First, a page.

In a one-on-one discussion with FIA President Walt Lukken on Thursday, Acting CFTC Rostin Behnam talked about the commission’s new Climate Risk Unit, saying the unit will let the commission pivot its attention away from the broader concerns about the effects of climate change on financial markets raised in last year’s report from the CFTC’s Market Risk Advisory Committee to a focus on derivatives’ role in smoothing the transition to zero carbon emissions by 2050.
The effects of climate change will be felt throughout the economy, leading the unit to include staff from multiple disciplines. Behnam is talking to people throughout the agency to determine how derivatives can help manage and mitigate the physical and financial risks from climate change.
Lukken, who himself has a notable public track record in working to support the development of carbon trading markets, pushed the acting chairman on whether he was hoping to bring the CFTC further up the learning curve as it fulfills its mandates to promote innovation as well as fight fraud. Behnam said he has been talking to people about how the commission can add value to the markets’ transition to a zero-carbon emissions economy.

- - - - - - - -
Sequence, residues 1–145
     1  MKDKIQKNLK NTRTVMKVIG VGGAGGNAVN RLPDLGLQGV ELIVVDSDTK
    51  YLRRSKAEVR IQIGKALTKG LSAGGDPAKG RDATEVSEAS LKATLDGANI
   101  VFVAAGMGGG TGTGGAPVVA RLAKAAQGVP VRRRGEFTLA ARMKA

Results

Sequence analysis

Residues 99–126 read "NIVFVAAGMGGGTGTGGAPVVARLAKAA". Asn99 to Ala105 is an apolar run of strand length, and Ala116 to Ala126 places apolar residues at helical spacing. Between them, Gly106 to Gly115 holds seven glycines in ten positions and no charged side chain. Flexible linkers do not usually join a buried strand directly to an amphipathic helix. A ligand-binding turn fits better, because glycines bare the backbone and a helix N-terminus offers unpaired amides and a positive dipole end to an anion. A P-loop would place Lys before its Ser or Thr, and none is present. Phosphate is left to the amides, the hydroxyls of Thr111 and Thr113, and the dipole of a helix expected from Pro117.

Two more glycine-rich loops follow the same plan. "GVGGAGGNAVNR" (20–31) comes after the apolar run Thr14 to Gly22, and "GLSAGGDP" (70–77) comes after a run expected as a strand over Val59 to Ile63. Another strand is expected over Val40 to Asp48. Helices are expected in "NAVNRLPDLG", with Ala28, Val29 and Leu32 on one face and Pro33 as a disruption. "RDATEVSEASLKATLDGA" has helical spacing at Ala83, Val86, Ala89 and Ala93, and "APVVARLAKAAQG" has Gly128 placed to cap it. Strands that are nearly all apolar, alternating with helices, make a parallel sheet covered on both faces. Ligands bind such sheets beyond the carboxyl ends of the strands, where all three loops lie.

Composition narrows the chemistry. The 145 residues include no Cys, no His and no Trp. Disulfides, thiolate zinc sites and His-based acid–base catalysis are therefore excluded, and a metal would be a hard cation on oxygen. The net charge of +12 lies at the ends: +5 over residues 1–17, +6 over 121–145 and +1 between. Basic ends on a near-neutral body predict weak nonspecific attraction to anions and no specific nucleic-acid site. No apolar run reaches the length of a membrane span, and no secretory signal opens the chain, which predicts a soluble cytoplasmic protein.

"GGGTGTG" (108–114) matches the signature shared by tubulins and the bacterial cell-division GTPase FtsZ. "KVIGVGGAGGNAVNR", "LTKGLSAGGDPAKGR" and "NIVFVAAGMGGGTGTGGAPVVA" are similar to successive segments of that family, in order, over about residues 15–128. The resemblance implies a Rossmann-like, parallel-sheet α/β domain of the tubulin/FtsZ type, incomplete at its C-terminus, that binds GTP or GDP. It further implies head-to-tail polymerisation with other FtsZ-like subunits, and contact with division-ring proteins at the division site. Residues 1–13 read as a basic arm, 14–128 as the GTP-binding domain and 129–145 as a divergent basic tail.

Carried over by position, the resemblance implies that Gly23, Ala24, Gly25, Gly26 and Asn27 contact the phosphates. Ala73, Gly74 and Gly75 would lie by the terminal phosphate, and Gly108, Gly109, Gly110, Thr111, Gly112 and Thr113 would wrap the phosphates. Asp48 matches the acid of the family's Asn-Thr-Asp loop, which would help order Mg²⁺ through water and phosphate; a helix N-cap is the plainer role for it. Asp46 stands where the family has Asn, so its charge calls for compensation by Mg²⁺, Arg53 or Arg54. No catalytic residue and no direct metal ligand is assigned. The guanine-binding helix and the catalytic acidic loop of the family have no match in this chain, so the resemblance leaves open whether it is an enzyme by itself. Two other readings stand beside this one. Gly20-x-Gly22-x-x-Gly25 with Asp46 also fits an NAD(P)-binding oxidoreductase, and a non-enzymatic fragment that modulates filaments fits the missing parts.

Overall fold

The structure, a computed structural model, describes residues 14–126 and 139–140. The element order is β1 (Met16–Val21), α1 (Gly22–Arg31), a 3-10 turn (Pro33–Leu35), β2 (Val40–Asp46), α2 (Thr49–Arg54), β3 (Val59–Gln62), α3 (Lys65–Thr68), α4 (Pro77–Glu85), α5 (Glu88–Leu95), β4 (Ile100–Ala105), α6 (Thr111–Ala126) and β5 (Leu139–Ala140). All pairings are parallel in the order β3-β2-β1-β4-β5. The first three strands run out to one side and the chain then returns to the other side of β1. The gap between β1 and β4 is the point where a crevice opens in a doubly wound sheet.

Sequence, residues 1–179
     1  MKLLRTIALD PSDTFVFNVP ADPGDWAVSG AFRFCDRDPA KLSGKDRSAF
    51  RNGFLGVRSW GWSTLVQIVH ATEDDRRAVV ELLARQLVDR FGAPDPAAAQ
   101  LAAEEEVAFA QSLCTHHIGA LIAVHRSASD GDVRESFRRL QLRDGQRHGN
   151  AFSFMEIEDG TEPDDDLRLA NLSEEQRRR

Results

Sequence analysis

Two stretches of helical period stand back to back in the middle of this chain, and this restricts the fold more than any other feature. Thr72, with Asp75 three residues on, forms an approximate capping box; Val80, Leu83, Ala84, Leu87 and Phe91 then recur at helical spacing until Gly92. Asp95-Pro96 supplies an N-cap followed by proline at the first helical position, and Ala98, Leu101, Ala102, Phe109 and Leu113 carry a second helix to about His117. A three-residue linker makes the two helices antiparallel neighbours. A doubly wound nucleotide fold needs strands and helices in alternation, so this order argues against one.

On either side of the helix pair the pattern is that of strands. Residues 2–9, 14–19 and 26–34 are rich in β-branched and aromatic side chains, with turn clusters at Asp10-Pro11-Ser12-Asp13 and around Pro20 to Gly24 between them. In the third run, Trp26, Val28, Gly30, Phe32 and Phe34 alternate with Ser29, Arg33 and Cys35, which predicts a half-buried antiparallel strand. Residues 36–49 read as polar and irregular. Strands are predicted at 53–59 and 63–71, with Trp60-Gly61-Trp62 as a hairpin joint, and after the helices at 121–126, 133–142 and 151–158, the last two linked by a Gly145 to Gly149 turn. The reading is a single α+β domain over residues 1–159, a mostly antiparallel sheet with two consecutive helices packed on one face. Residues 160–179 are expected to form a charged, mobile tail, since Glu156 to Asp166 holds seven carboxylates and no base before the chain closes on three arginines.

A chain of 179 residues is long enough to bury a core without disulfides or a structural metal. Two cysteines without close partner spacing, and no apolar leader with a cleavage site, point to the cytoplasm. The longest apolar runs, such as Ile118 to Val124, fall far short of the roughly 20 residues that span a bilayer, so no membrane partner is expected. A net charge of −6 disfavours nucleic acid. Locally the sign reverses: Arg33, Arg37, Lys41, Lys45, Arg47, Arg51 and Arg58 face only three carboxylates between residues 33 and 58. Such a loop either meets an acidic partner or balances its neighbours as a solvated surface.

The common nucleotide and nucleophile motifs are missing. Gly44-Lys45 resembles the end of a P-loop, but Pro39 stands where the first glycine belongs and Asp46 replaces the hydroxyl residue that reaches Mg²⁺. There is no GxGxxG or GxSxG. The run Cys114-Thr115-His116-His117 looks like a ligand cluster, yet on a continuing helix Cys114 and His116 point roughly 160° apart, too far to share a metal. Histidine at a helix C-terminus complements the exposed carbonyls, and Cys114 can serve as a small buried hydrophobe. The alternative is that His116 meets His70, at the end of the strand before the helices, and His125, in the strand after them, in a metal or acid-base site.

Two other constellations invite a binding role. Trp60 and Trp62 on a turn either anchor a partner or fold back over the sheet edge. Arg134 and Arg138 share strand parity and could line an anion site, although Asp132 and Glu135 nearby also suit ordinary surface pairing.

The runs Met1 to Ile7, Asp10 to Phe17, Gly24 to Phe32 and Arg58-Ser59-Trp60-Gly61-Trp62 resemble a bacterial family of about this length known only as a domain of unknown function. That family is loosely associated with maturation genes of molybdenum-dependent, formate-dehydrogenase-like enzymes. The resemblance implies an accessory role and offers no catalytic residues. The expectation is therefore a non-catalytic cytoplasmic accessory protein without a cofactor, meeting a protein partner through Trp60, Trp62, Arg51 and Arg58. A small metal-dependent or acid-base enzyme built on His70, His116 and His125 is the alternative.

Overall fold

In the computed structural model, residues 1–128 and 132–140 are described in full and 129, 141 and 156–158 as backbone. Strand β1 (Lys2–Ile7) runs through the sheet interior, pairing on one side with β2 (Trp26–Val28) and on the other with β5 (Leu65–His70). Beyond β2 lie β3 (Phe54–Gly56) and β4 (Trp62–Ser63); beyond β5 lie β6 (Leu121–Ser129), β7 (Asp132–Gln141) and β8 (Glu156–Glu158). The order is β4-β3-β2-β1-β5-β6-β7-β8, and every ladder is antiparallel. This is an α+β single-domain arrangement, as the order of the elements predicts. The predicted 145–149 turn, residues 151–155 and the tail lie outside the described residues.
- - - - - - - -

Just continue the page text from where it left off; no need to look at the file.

One of the ways, he said, is to assure there is transparency in current markets and in the growing carbon markets. Behnam wants to lend his agency’s expertise to assure integrity in markets affected by climate change.
Pivoting to other topics facing the chairman, Lukken asked about the CFTC’s thoughts on the rise of retail trading and the agency’s recent actions regarding retail involvement in silver futures. Behnam pointed to the resilience of futures markets, noting that futures market clearing had helped to contain price volatility.
Telling Lukken that “futures are futures,” Behnam shrugged off any aspirations to grab greater jurisdiction over cryptocurrency markets. Behnam said that the CFTC will continue to use its jurisdiction over those coins and tokens which are not securities to enforce anti-fraud and manipulation rules in cash market trading.
Behnam said that the current combination of self-regulation supported by state laws might be sufficient, although when pressed by Lukken, he said that a federal regulatory scheme for cash market trading of cryptocurrencies may be warranted in light of the significant retail interest in them.
Behnam sidestepped Lukken’s attempt to get him to opine about the current jurisdictional conflicts between the E.U. and the U.K. Behnam endorsed deferring to foreign regulators where prudent to avoid risking market fragmentation.